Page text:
king of Erin, has pretended to be a virgin. The Druids
announced that the remedy was to slay the son of an undefiled couple and
sprinkle the doorposts and the land with his blood. Such a youth was found, but
at his mother's request a two-bellied cow, in which two birds were found, was
offered in his stead.25
In another instance in the Dindsenchas, hostages, including the son of a
captive prince, are offered to remove plagues--an equivalent to the custom of
They would ask from him speedily,
In return for one-third of their healthy issue."20
Human sacrifices were also offered when the foundation of a new building was
laid. Such sacrifices are universal, and are offered to propitiate the Earth
spirits or to provide a ghostly guardian for the building. A Celtic legend
attaches such a sacrifice to the founding of the monastery at Iona. S. Oran
agrees to adopt S. Columba's advice "to go under the clay of this island to
hallow it," and as a reward he goes straight to heaven.27
The legend is a semi-Christian form of the memory of an old pagan custom, and it
is attached to Oran probably because he was the first to be buried in the
island. In another version, nothing is said of the sacrifice. The two saints are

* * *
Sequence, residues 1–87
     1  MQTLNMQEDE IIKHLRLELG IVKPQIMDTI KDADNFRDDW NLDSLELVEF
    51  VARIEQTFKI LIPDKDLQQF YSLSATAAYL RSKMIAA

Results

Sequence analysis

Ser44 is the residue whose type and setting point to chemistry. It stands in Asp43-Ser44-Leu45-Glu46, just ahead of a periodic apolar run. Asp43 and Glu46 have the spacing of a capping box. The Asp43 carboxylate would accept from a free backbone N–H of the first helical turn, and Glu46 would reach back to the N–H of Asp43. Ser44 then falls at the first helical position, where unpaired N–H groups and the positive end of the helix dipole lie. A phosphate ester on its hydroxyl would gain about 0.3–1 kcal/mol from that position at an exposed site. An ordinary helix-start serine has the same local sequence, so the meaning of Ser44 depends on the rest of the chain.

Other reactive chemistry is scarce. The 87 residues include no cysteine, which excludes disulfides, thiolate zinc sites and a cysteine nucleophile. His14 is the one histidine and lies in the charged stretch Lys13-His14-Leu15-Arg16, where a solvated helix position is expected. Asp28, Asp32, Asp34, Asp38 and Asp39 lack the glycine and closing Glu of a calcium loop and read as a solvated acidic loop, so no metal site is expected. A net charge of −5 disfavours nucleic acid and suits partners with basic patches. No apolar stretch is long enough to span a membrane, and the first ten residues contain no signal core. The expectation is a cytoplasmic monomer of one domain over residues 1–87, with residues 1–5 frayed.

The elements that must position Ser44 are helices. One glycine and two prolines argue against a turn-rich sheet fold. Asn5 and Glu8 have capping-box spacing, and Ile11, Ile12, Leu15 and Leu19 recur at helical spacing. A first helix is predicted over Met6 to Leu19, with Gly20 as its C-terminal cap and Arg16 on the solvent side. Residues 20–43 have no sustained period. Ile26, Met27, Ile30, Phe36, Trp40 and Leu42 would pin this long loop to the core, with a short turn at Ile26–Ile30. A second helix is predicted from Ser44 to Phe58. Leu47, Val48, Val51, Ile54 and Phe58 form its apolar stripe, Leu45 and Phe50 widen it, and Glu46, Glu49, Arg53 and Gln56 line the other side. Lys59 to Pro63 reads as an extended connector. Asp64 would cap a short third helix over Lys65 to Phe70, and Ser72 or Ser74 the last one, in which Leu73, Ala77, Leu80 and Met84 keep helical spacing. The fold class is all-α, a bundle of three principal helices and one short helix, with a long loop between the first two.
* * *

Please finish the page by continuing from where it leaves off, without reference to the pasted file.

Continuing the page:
disputing about the other world, and Oran agrees to go for three days into the
grave to settle the point at issue. At the end of that time the grave is opened,
and the triumphant Oran announces that heaven and hell are not such as they are
alleged to be. Shocked at his latitudinarian sentiments, Columba ordered earth
to be piled over him, lest he cause a scandal to the faith, and Oran was
accordingly buried alive.28
In a Welsh instance, Vortigern's castle cannot be built, for the stones
disappear as soon as they are laid. Wise men, probably Druids, order the
sacrifice of a child born without a father, and the sprinkling of the site with
"Groaning hostages" were placed under a fort in Ireland, and the
foundation of the palace of Emain Macha was also laid with a human victim.30